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Good morning, here is your Wednesday Morning Mashup. For the latest news, start at our WEEI.com home page or click here for the top stories and scores from our news wire.

WEDNESDAY’S BROADCAST HIGHLIGHTS: 
NHL: Washington at Philadelphia, 8 p.m. (NBCSN)
NHL: Boston at Anaheim, 10:30 p.m. (NESN)
College basketball: Michigan at Rutgers, 6:30 p.m. (Big Ten Network)
College basketball: DePaul at Georgetown, 7 p.m. (CBSSN)
College basketball: Duke at Syracuse, 7 p.m. (ESPN)
College basketball: Pittsburgh at Wake Forest, 7 p.m. (NESN)
College basketball: TCU at Kansas, 7 p.m. (ESPN2)
College basketball: UCF at Temple, 7 p.m. (ESPNU)
College basketball: Xavier at Seton Hall, 7 p.m. (FS1)
College basketball: Minnesota at Maryland, 8:30 p.m. (Big Ten Network)
College basketball: Butler at Villanova, 9 p.m. (FS1)
College basketball: Louisville at North Carolina, 9 p.m. (ESPN)
College basketball: Oklahoma St. at Kansas State, 9 p.m. (ESPNU)
College basketball: Oregon at California, 9 p.m. (ESPN2)
College basketball: UConn at Houston, 9 p.m. (CBSSN)
College basketball: Fresno St. at San Diego State, 11 p.m. (CBSSN)
College basketball: Oregon State at Stanford, 11 p.m. (ESPNU)

AROUND THE WEB: 

— It was announced on Tuesday Tom Brady and his wife Gisele Bündchen will serve as co-chairs for the 2017 Metropolitan Museum of Art’s Met Gala on May 1.

The power couple will join Katy Perry, Pharrell Williams and Anna Wintour as chairs of the annual event.

Brady and Gisele are no strangers to the Met Gala and have made many memorable appearances on the red carpet there.

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Read More: Sammy Sosa, Tom Brady,

With a single tweet, Isaiah Thomas exposed the stupidity of sports news in 2017

02.21.17 at 2:41 pm ET
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All it took was one emoji to expose the soul-sucking nature of covering sports today, where grown men and women with college degrees are forced to chase after inanity.

In a cryptic tweet Monday, Celtics point guard Isaiah Thomas shared an eyeball emoji. Chaos ensued, with assistant general manager Mike Zarren saying roughly 20 reporters contacted him to ask whether the team was acquiring a new player. The NBA trade deadline is Thursday.

The journalists who reached out to Zarren were doing their due diligence. In 2017, a player’s social media activity can serve as a harbinger of major trades or free agent signings. Last summer, Thomas tweeted out the same two-eye emoji before the Celtics inked Al Horford to a five-year contract.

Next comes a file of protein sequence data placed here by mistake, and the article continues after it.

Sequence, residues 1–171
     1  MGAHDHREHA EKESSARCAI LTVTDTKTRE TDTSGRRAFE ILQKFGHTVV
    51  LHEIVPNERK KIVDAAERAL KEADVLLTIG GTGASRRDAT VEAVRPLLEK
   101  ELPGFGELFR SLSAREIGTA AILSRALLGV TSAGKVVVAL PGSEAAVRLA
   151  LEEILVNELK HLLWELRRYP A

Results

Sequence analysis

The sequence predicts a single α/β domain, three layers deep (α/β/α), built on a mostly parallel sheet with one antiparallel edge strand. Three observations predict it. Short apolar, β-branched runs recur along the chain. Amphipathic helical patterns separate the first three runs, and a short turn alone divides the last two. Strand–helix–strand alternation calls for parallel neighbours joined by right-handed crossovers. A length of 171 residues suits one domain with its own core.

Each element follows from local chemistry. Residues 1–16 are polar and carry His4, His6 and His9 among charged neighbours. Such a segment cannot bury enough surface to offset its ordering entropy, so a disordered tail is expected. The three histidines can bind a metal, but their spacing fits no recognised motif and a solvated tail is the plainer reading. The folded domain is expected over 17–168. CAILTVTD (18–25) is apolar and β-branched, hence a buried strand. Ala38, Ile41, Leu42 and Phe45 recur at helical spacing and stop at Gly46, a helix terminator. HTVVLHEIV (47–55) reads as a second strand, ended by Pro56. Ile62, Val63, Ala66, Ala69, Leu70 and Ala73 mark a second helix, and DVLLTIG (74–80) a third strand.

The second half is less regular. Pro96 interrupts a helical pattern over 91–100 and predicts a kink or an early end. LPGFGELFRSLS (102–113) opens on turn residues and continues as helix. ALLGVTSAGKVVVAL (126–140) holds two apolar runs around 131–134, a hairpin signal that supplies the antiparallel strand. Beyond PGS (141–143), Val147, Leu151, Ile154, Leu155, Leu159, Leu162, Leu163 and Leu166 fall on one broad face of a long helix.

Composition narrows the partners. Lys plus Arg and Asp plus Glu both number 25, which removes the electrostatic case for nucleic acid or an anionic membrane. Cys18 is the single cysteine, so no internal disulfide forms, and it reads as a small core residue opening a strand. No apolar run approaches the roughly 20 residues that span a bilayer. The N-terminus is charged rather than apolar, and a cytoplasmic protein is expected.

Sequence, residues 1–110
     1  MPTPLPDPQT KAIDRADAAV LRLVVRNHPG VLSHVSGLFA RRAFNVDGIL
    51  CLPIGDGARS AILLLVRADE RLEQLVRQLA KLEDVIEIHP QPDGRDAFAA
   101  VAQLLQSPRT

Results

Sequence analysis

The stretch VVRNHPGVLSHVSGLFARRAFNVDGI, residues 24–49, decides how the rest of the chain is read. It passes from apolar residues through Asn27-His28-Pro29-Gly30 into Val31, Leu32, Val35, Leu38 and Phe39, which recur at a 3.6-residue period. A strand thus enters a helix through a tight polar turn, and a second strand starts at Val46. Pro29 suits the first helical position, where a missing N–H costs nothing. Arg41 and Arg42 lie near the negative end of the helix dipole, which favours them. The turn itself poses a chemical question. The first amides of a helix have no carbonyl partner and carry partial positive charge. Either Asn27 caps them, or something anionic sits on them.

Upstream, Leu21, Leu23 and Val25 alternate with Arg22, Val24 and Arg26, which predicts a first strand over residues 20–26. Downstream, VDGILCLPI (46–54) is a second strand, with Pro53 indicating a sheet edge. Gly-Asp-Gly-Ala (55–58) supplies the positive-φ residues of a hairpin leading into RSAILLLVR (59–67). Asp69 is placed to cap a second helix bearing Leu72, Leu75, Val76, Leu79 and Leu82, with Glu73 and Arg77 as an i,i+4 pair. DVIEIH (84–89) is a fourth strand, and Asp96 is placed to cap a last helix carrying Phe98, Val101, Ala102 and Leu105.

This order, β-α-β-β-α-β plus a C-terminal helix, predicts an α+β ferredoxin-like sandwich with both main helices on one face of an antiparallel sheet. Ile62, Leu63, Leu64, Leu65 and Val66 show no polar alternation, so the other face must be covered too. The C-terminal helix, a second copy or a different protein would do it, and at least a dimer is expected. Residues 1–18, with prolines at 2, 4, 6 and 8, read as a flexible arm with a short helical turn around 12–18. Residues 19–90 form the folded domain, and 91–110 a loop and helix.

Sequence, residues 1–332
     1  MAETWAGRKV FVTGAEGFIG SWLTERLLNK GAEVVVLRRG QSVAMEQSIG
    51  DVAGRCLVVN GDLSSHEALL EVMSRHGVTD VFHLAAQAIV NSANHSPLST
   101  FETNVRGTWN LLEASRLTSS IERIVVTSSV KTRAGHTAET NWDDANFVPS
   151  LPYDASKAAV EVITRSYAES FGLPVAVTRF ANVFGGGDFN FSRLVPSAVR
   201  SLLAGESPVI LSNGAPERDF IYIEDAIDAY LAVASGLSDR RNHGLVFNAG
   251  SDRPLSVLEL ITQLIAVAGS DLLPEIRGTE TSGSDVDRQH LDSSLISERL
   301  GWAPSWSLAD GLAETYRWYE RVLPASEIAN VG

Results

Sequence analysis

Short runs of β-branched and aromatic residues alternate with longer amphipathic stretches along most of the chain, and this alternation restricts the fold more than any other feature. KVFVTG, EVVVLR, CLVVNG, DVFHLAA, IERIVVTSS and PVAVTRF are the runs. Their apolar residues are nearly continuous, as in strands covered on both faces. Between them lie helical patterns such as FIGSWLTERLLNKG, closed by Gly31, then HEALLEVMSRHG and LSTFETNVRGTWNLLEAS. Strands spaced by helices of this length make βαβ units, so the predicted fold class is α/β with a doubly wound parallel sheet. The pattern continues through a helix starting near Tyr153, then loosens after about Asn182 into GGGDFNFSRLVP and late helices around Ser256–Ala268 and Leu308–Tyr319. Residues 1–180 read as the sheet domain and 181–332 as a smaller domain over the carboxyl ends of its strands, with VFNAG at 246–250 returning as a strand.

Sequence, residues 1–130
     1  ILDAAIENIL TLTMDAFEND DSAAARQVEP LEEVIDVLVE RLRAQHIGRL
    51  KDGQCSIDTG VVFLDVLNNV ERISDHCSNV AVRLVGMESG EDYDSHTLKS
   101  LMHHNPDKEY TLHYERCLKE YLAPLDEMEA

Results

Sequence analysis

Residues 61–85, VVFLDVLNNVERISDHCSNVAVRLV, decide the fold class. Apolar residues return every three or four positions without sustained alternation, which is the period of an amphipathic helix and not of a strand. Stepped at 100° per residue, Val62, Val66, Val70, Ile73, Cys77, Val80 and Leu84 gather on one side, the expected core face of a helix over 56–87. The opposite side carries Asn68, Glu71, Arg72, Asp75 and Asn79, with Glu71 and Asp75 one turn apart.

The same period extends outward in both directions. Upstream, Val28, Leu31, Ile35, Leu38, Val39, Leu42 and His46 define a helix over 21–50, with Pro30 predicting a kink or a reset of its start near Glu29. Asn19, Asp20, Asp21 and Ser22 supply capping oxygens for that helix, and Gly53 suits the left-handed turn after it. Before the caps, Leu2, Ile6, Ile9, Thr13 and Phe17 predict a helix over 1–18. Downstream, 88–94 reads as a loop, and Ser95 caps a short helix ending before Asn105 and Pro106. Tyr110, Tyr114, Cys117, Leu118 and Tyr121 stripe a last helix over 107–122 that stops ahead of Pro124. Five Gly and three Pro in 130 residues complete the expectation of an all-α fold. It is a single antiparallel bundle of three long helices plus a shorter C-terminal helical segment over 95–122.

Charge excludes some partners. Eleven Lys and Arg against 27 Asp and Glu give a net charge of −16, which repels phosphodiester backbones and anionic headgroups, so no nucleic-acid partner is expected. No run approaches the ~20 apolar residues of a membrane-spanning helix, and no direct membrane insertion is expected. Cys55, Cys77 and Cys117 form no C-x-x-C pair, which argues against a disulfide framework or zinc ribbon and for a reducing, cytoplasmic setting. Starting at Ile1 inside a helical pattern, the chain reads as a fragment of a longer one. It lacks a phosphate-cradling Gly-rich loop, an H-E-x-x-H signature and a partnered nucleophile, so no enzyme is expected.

Though it’s possible Thomas was sending out a covert signal –– the Celtics also followed Carmelo Anthony on Instagram Monday night, along with Taylor Swift and Nike –– he may have been trolling the media. That appears to be what Cavaliers guard Kyrie Irving was doing last week when he told reporters he thinks the earth is flat. In today’s hyperactive news cycle, seemingly anything a famous person says is considered news, regardless of how absurd it is. Even though the science definitively says the earth is round, Irving’s comment was perhaps the biggest story during NBA All-Star Weekend.

“I think that there’s just so much, I guess — I don’t know if you can even call it news — there are so many real things going on, actual, like, things that are going on that’s changing the shape, the way of our lives,” Irving said Saturday, via ESPN. “And I think it sometimes gets skewed because of who we are in the basketball world, and, ‘Oh man, what does he actually think? Oh, no, I don’t like hearing … the world is flat, or he thinks the world can’t be round.’

“You know, I know the science, I know everything possible — not everything possible — but the fact that that actually could be real news, that people are actually asking me that — ‘It’s a social phenomenon. What do you think about it? Are you going to try to protect your image?’ I mean, it really doesn’t matter. It really doesn’t matter. The fact that it’s a conversation? I’m glad that it got people talking like this: ‘Kyrie actually thinks the world is flat.'”

Sure enough, Thomas’ possibly innocuous tweet sparked headlines on countless sports blogs. We content curators are parasites, prepared to cultivate page views from meaningless drivel. It’s part of the feeding frenzy.

This phenomenon is nothing new. People have long been interested in what celebrities say and do. In today’s world, stars are more accessible than ever before. It makes sense for websites to report on nearly every detail of their social media activity. Thomas’ emoji may have meant absolutely nothing, but now, it’s a part of the Celtics trade deadline narrative. It doesn’t matter whether it actually is indicative of a forthcoming trade. He typed it with his thumbs, and that’s good enough.

Next thing you know, we’ll have a president who’s capable of controlling entire news cycles by firing off insane and erratic tweets. Oh, wait…

Read More: Boston Celtics, Isaiah Thomas, Twitter,

Curt Schilling tries to defend Milo Yiannopoulos, then apologizes after hearing his pedophilia comments

02.21.17 at 10:00 am ET
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Curt Schilling was hired by Breitbart News in October. (David Manning/USA TODAY Sports)